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On February 3, the Indian government will unveil a $10 educational laptop intended to bring computing to the masses, reports the Times of India. By comparison, a computer-shaped cake pan is $20 plus shipping in the U.S. Will the $10 PC revolutionize educational computing?

First, the specs: Like a lot of cheap PCs, the device will sport 2GB of RAM, Wi-Fi and expandable hardware, and operate on a modest two watts of power. The current prototype can be produced for about $20, according to India's Secretary for Higher Education, R.P. Agarwal. Large-scale production runs should cut that price in half, he said, resulting in the $10 figure the government is touting.

That's about one tenth the cost of the cheapest available PCs in the U.S. that retail for about $100, and operate on the old razor-and-blade business model; they require costly subscriptions to mobile broadband subscriptions.

The Indian government hasn't broken down the cost of its components, but it probably cut the costs of research and development substantially by recruiting university students to help draw up the plans. Students at the Vellore Institute of Technology played a significant role, working with state-funded organizations like the Indian Institute of Science, Bangalore and a partially-public entity called the Semiconductor Complex. Despite a publicly-funded development, the notebooks themselves will be manufactured on contract by private companies.

According to the Times of India, the $10 laptop is a direct response to the MIT-developed nonprofit One Laptop Per Child program, that was viewed as grossly expensive in India. The OLPC devices cost about $100 each, but "hidden costs" bring that price up to around $200. OLPC has also been a victim of its own poor strategy, evidenced by recent layoffs and a failure to secure donations and orders in 2008. The program has also seen itself dwarfed by Intel's [INTC] Classmate PC program, that most recently took an order from the government of Portugal for 500,000 PCs. The company still has big plans for a next-generation touch-screen notebook, however.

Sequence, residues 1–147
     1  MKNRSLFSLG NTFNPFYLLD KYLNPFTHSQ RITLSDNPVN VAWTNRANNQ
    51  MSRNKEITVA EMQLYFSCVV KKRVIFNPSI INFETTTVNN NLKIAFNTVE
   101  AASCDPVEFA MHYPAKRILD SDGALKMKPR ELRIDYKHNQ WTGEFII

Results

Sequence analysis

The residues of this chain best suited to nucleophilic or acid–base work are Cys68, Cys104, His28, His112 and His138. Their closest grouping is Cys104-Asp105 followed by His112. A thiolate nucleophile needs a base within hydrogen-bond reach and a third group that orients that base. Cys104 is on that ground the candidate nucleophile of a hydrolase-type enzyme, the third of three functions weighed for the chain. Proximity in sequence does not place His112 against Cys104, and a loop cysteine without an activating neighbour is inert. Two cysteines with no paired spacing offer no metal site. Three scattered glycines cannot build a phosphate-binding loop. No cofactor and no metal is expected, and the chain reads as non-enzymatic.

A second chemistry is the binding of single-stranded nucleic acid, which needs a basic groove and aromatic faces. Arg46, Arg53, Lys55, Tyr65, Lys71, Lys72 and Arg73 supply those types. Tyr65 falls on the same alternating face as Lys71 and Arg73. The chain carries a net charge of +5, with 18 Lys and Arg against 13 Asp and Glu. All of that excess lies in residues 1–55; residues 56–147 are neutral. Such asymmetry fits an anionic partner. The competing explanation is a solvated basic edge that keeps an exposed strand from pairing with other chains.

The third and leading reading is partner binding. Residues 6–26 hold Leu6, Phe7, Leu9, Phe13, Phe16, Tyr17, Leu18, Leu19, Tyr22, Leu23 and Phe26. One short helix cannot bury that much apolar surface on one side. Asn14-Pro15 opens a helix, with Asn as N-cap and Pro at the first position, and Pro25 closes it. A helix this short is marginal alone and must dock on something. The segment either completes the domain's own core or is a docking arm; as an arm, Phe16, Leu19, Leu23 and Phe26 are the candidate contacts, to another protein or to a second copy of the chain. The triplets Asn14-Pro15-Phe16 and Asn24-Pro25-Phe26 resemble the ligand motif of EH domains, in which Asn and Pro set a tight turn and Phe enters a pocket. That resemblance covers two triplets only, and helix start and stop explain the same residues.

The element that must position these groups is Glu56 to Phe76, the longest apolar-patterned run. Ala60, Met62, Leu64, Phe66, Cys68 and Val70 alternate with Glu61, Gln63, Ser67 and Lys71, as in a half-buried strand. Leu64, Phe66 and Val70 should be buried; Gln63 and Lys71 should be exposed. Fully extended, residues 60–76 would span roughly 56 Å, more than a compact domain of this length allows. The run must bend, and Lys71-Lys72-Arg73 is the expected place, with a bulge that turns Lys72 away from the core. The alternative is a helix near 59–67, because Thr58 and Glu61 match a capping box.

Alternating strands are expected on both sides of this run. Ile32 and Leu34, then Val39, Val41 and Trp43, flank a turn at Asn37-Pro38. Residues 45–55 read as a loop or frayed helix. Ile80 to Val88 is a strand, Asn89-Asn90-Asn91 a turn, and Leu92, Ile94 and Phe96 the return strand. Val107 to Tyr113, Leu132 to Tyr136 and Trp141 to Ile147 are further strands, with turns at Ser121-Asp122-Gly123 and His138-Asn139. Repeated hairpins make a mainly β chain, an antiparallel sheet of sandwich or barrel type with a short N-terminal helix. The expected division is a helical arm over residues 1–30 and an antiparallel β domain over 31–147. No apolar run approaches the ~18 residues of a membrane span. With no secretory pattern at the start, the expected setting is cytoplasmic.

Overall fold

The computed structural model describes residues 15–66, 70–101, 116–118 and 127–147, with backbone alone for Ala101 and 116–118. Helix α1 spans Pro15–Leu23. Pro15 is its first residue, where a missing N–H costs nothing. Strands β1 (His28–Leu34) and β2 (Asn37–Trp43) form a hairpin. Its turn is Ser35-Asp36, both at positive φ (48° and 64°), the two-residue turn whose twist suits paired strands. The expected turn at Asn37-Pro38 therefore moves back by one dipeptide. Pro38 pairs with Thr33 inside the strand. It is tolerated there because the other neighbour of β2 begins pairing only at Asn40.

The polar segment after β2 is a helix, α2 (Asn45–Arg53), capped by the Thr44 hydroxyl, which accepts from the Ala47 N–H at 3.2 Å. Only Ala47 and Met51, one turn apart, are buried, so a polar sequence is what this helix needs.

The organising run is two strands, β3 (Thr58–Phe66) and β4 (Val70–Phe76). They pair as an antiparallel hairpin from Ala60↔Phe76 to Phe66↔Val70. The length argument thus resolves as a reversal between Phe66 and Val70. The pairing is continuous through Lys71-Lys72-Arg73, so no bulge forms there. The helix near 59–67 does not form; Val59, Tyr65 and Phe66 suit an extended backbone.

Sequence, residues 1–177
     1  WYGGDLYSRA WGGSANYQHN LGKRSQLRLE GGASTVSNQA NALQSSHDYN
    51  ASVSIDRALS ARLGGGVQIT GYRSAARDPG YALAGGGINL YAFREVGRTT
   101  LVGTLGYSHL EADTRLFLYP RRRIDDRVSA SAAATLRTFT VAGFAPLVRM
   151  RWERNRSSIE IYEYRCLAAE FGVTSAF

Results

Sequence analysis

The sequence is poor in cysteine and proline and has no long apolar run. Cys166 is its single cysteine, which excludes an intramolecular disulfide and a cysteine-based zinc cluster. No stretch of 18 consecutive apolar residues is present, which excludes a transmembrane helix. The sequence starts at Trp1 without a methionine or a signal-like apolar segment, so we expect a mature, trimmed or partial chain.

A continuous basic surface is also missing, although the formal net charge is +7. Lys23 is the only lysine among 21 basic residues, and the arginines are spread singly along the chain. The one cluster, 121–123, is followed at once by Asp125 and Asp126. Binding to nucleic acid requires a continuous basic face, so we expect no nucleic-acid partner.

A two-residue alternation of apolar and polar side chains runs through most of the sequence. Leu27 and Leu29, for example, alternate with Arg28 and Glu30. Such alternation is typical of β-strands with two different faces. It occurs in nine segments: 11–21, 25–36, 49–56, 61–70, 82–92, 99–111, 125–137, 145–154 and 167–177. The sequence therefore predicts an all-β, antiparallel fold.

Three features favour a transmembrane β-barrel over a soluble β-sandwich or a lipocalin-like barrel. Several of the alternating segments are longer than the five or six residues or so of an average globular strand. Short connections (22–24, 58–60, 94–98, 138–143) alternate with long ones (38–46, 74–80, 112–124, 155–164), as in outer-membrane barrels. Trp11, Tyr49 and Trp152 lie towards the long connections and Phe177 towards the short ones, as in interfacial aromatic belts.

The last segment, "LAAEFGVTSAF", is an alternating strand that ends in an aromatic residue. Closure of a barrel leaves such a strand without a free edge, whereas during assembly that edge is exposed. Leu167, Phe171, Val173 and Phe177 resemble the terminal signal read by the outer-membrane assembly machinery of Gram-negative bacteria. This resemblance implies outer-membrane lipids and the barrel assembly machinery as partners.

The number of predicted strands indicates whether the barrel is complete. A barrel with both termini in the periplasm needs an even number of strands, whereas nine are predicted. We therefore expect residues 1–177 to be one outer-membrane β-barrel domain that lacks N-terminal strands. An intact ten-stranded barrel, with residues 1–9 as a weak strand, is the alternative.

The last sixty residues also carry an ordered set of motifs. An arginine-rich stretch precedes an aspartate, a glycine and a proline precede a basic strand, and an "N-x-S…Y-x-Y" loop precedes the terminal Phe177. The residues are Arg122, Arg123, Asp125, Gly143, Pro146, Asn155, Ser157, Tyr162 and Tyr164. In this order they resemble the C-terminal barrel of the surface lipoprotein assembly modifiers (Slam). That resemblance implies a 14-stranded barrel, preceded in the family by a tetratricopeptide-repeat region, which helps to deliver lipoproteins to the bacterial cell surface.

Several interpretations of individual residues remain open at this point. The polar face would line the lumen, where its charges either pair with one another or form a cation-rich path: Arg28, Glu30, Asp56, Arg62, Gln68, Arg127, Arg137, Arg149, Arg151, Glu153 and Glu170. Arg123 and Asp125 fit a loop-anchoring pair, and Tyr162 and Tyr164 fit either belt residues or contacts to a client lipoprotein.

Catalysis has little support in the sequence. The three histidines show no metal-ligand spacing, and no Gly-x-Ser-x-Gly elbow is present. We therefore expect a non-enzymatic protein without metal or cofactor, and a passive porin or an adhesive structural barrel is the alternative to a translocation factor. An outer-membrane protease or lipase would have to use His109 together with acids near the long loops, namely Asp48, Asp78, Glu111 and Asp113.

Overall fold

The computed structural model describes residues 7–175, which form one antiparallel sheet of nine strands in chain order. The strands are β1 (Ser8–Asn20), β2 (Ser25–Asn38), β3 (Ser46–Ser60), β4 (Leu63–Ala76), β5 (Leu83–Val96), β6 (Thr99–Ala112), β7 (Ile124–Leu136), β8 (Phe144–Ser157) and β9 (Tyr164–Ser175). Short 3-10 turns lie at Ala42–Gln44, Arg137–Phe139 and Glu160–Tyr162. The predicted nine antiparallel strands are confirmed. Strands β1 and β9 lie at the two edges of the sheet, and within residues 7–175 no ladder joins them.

To see's interview with OLPC Founder Nicholas Negroponte on the development of the OLPC, click here, or watch Robert Scoble's video segment on the company's future below.

India's ultra-cheap laptop is part of a tersely-named initiative called the National Mission on Education Through Information and Communication Technology. That mission also extends to a connectivity initiative meant to get students and textbooks all over India online. India's education ministry has reportedly made deals with four publishers (Macmillan, Tata McGraw Hill, Prentice-Hall and Vikas Publishing) to provide digital textbooks and content on the $10 laptops, some of which will be accessible for free.

There's been no announcement on what kind of operating system the $10 laptop will use, but chances are it'll be a simple Linux-based GUI like the Eee PC. It probably won't be as beautiful as the elegant new Jolicloud netbook OS that made its debut this week, but hey—at $10, who could complain?

The Indian government also hasn't announced whether it will be selling the $10 notebook commercially, after it goes in to production this summer. If it does, it may not be for a long time; the ministry of education will have enough work to do distributing these notebooks and expanding connectivity in the nation's 18,000 colleges. If the government of India should sell them abroad, it may spell the end of the languishing OLPC program.